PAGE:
Newly eligible voters Louise Benjamin (L) and Viola Marie Brooks are outside the courthouse with their registration letters July 19, 2016. After the Supreme Court of Virginia heard arguments on the legality of Gov. Terry McAuliffe's order restoring voting rights to convicted felons, it overturned his order. The women say they've been devastated by the court ruling invalidating their voting registrations. (Sabrina Khan / The Advancement Project) (Sabrina Khan/The Advancement Project)

Louise Benjamin, 48, looked forward to casting her first ballot in Virginia this November, after Gov. Terry McAuliffe restored her voting rights and those of more than 200,000 other convicted felons who had also completed their sentences.

She saw voting as a chance for redemption after serving time for assault charges. Then, last week, the state Supreme Court decided she could not vote after all.

“I was so hurt. I couldn’t even believe it,” Benjamin said, after the court ruled that McAuliffe overstepped his authority by restoring voting rights en masse instead of on a case-by-case basis. “Why they don’t want us to vote?”

Across the state, more than 13,000 ex-offenders who had registered to vote after McAuliffe signed his wholesale clemency order in April have been thrust into a kind of voting limbo.

“They have felt like they just had their rights restored and before they could even savor that for long, here comes the court just swooping in and taking it all away again,” said Tram Nguyen, co-executive director of New Virginia Majority, which has been registering ex-offenders, including Benjamin. “A lot of them are hearing the message that they don’t belong, they don’t deserve a voice.”

The court directed the state elections commissioner, Edgardo Cortés, to cancel by Aug. 25 the registrations of the 13,000 felons and to add their names to a list of prohibited voters.

McAuliffe has vowed to circumvent the court ruling by issuing individual restoration orders with an autopen. Once signed, the order will be sent to the eligible felon, along with a new voter-registration form, administration officials said.

Meanwhile, state Republicans, who challenged McAuliffe’s April order and accused him of trying to swell the ranks of Democratic voters, say they are closely monitoring his actions and may sue again.

Organizers acknowledge the confusion over this legal back-and-forth is making it harder to register felons, some of whom can be difficult to reach if they do not have permanent homes. For many ex-convicts trying to reenter society, voter-registration paperwork is not a top priority, activists say.

McAuliffe has framed his decision as a civil rights achievement, saying he is removing the last vestiges of Jim Crow-era laws that disenfranchised African American voters. Nearly a quarter of the state’s black population cannot vote because of felony convictions.

Among them is Anthony Hill, who said he was first convicted on burglary-related charges when he was 18. The 50-year-old Richmond resident said the experience of winning back and then quickly losing the right to vote again left him feeling more passionate about electoral participation.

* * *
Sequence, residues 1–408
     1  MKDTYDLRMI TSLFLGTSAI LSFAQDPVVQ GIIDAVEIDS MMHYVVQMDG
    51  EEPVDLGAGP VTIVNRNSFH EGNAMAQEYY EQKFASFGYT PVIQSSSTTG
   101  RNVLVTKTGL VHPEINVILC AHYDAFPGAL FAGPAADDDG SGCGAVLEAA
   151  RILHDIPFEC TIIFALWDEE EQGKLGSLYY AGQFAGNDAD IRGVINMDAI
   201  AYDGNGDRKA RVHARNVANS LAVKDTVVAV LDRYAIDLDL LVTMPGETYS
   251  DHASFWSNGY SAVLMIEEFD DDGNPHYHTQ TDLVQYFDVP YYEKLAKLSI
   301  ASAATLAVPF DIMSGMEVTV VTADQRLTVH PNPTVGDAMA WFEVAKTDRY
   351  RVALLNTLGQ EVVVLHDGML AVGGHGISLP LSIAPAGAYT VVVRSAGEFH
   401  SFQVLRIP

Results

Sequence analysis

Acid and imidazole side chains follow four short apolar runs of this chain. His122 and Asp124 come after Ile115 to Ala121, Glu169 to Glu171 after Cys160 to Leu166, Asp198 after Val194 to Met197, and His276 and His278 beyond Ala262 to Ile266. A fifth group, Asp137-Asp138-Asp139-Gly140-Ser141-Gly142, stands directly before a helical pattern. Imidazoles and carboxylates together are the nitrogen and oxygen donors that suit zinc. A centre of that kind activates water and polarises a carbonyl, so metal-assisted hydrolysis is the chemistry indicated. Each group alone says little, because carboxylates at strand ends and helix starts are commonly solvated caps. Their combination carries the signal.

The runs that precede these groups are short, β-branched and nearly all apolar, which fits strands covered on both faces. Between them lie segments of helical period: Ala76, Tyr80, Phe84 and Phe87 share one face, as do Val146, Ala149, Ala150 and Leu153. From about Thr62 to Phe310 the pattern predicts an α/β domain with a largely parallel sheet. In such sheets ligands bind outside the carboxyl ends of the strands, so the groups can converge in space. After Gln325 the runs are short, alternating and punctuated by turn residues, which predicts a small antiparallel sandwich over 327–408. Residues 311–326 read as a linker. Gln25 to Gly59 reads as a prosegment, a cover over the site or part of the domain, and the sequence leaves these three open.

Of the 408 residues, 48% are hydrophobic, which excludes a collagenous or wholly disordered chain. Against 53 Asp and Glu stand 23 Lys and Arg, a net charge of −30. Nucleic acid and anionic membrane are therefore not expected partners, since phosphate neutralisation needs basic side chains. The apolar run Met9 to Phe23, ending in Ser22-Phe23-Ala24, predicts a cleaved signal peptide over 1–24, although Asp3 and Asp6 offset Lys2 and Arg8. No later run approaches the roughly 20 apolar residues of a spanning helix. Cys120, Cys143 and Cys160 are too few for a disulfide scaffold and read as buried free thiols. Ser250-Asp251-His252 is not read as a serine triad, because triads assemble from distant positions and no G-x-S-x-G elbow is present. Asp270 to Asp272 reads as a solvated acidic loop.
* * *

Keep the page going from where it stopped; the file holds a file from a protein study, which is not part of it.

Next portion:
“They want us to continue to be in slavery,” Hill said. “They want us to be in mental bondage.”

Local election officials who are supposed to strike the 13,000 felons from the voting rolls by Aug. 25 have been told by the McAuliffe administration to hold off until the state releases a plan next week.

“The fallout from all of this is hurting the very people that the governor is trying to help and leaving them in some uncertainty about their voting status,” said Richmond General Registrar J. Kirk Showalter, one of several local officials to criticize the administration for how it handled the clemency order. “It’s heartbreaking to me.”

In Northern Virginia, New Virginia Majority organizer Matt Rogers says about 200 people volunteered to help contact and re-register ex-offenders who already signed up to vote. Local chapters of the NAACP are regrouping to spread the word to churches, local businesses and fraternities in urban centers about how to re-register .

“We were always aware that the window opened by the executive order can be closed as quickly as an election,” said Linda Thomas, president of the Virginia State Conference of the NAACP.

She and other advocates are pushing for a constitutional amendment to permanently lift voting restrictions on ex-offenders after they complete their sentences.

Virginia is one of four states that permanently disenfranchises people with felony records, but it allows the governor to restore voting rights.

“Why am I denied from voting when I did my time?” said Viola Brooks, a 54-year-old Richmond resident who says she served about a year because of felony maiming and assault charges after a fight with a woman with a knife. “I understand I made a mistake, but I did my time and I should have been forgiven for that.”

Del. Robert B. Bell (R-Albemarle) says that state Republicans are keeping a close eye on how McAuliffe handles individual restoration orders.

“We are reserving all legal options at this point, but we need to see what he is going to do,” said Bell, who is running for attorney general.

But Claire Guthrie Gastañaga, executive director of the Virginia chapter of the American Civil Liberties Union, says she does not think Republicans have an argument. “I don’t know how they can challenge the individual orders when they said their issue is not what he was doing, but how he was doing it,” she said.